In a quest for good life, people have been moving to towns and cities in search of better opportunities, a development that has pushed up the price of housing.
Coupled with the ailing economy, average Malawian families are frustrated because most of them are now priced out of homes.
One such frustrated man is Sangwani Manda, a husband and father of three who moved to Blantyre some three weeks ago after securing employment, but cannot afford to find a decent house.
He has been lodging at one of the infamous resthouses in town, hoping to find an affordable house.
Although Manda and his wife are uncomfortable to share a room with his children, he cannot trade his new found opportunity with comfortability.
“I have been unemployed for a year and half and I have been finding it hard to fend for my family. When I got news of this newly-found opportunity, I decided to take my family with me here since they are my responsibility.
“This is my third week staying at a resthouse because we are failing to find a house. All the houses we come along have either been occupied just recently or are way too expensive for us to afford,” he says.
But life at a resthouse has never been easy for Manda.
He has been paying K3 000 a room per day and the family has been relying on fast foods as they are not allowed to cook at the resthouse premises.
“Now the schools are about to open but I cannot register my children at any school because we are not sure which area we are going to find a new home,” he told Business Review.
Experts argue that with urbanisation rate at 3.8 percent against a population growth rate of 2.8 percent, Malawi’s quest for meeting demand for housing services is a farfetched dream.
Allen Justice, director of Blantyre-based Justice Properties, says because of the soaring demand, finding a decent house for rent, especially for average houses, has become a hussle.
“Nowadays demand for houses is very high. Clients are looking for a house fetching an average of K100 000 a month, but because almost all of these houses have been occupied, we are mostly left with bigger houses that an average family cannot afford. Usually, these houses cost around $1 000 [about K715 000] a month,”she said.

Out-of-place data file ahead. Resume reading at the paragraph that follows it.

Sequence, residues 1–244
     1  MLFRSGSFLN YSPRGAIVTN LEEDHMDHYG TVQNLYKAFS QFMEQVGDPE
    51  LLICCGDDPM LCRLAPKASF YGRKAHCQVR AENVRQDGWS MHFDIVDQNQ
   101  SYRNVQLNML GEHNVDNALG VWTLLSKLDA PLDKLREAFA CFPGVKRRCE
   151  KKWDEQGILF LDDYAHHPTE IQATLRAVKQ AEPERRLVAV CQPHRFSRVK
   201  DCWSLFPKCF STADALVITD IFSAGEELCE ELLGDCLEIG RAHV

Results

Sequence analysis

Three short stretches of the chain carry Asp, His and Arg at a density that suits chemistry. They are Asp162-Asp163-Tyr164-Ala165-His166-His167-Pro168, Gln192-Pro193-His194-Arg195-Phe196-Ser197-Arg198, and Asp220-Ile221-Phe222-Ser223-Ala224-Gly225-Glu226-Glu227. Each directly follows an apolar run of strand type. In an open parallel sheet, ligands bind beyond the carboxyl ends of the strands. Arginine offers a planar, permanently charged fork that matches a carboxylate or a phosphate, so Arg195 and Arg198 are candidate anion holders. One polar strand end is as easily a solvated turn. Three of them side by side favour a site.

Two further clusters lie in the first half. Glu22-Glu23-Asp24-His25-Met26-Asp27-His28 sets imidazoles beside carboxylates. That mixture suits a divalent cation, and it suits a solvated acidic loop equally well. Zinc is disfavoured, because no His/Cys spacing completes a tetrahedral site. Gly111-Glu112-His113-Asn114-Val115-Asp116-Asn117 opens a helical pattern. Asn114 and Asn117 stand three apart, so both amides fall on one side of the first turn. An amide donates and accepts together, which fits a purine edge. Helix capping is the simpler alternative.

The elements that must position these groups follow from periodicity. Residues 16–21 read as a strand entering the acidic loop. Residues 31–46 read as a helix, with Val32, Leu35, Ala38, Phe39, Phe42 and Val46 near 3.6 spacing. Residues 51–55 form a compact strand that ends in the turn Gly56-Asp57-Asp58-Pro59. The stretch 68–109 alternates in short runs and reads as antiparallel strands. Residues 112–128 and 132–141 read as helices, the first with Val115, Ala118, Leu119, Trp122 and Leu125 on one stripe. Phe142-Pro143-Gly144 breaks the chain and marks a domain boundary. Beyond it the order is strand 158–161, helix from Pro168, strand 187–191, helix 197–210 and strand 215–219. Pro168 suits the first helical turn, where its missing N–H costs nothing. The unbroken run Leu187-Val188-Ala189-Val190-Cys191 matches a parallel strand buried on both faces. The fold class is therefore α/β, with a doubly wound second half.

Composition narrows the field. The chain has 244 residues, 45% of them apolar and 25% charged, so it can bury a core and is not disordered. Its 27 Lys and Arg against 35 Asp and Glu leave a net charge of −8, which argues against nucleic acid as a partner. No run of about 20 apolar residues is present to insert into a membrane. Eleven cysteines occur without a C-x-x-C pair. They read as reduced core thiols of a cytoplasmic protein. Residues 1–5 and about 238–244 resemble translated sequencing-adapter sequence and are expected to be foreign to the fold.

Justice said that as a result, some property owners are selling these big houses and are building flats which can accommodate a lot of families at once.
In an interview, Blantyre City Council Director of Town Planning and Estate Services, Costly Chanza, said that Malawi’s annual demand for housing stands at 21 000, but only between 10 000 to 15 000 houses are built each year.
“Our annual demand is 21 000, this is inclusive of those houses built by individuals and the Malawi Housing Corporation (MHC).
“However, we only manage to build between 10 000 to 15 000 houses annually. As a result, demand for houses remains an issue yet to be solved,” said Chanza, who is also immediate past president of the Institute of Physical Planners.
In an earlier interview, Treasury spokesperson Nations Msowoya said that in a bid to improve the provision of housing services in the country, government has given a go ahead to the MHC to source private funding from international institutions for its housing projects as it would no longer be able to lend financial support for the said projects.
Available statistics indicate that the current ratio-which measures the institutions’ [MHC] ability to meet its short-term obligations, has persistently been below desirable levels as it stood at 0.88:1 as at December 31 2015
Minister of Lands, Housing and Urban Development Atupele Muluzi is on record having said that his ministry has set up a new department of urban development in the ministry, which is going to provide leadership in urbanisation and urban development matters.
Recently, the African Economic Outlook 2016 report which was launched on Thursday in Nigeria titled Sustainable Cities and Structural Transformation, in partnership with the United Nations Development Programme and OECD Development Centre of the African Development, warned that if urbanisation occurs without a corresponding increase in economic opportunities and services, the resulting cities will be characterised by concentration of relatively richer people purchasing low-level services from those migrating to cities, slums and concentration of infrastructure services catering for the higher income parts of the city.